Sildenafil citrate (Generic Viagra, Pfizer) is still the front-line treatment for men with erectile dysfunction (ED), but for men who do not respond to it, intraurethral alprostadil (Caverject®, Pfizer) might be a good next choice.
Researchers observed 44 men for up to 15 months. In 10 patients, ED was a result of radical retropubic prostatectomy. Nine patients also had hypertension, seven had diabetes, and eight had both conditions. Six men had drug-induced ED. In all, 13 patients (30%) responded well to intraurethral alprostadil.
Because the study was small, no statistically significant conclusions were able to be drawn. However, five of the 10 men who had undergone earlier radical retro-pubic prostatectomy reported improved erectile function: two who had received 500 mcg and three who had received 1,000 mcg.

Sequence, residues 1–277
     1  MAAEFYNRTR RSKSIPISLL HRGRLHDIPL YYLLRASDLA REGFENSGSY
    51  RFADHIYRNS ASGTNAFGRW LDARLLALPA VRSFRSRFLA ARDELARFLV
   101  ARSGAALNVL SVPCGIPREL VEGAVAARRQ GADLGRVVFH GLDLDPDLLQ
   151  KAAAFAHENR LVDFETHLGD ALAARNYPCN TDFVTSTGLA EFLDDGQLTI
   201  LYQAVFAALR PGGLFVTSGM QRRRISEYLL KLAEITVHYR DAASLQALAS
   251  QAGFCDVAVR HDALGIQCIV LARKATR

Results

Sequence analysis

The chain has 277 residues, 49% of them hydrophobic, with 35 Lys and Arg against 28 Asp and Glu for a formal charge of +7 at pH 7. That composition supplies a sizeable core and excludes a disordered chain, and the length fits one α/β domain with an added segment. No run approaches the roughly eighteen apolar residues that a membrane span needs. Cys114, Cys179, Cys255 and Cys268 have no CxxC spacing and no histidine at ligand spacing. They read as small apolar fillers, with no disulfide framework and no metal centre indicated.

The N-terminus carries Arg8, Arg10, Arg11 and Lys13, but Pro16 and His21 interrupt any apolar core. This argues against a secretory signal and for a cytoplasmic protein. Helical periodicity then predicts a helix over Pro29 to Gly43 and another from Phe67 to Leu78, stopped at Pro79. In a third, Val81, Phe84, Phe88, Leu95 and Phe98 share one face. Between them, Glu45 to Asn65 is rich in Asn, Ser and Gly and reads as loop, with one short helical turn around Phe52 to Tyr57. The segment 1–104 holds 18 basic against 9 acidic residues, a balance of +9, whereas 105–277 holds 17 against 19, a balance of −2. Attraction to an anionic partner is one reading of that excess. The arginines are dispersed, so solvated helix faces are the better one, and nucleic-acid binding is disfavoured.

Two patients with ED secondary to nonoperative factors improved with the lowest dose (250 mcg), but none who had undergone radical retropubic prostatectomy responded satisfactorily.
Intraurethral alprostadil acts directly to promote the inflow and retention of blood within the corpora; it does not rely on sexual stimulation or intact penile innervation. Because drug sildenafil and intra-urethral alprostadil work differently, they may be complementary treatments for patients who have not responded to one or the other. The researchers cite a study in which 90% of 65 patients experienced satisfactory results with combination therapy after monotherapy had failed.
One drawback of the study is that patients tried sildenafil tablet only five times before the treatment was considered unsuccessful (mainly because of cost). Other reports suggest that at least eight attempts should be made.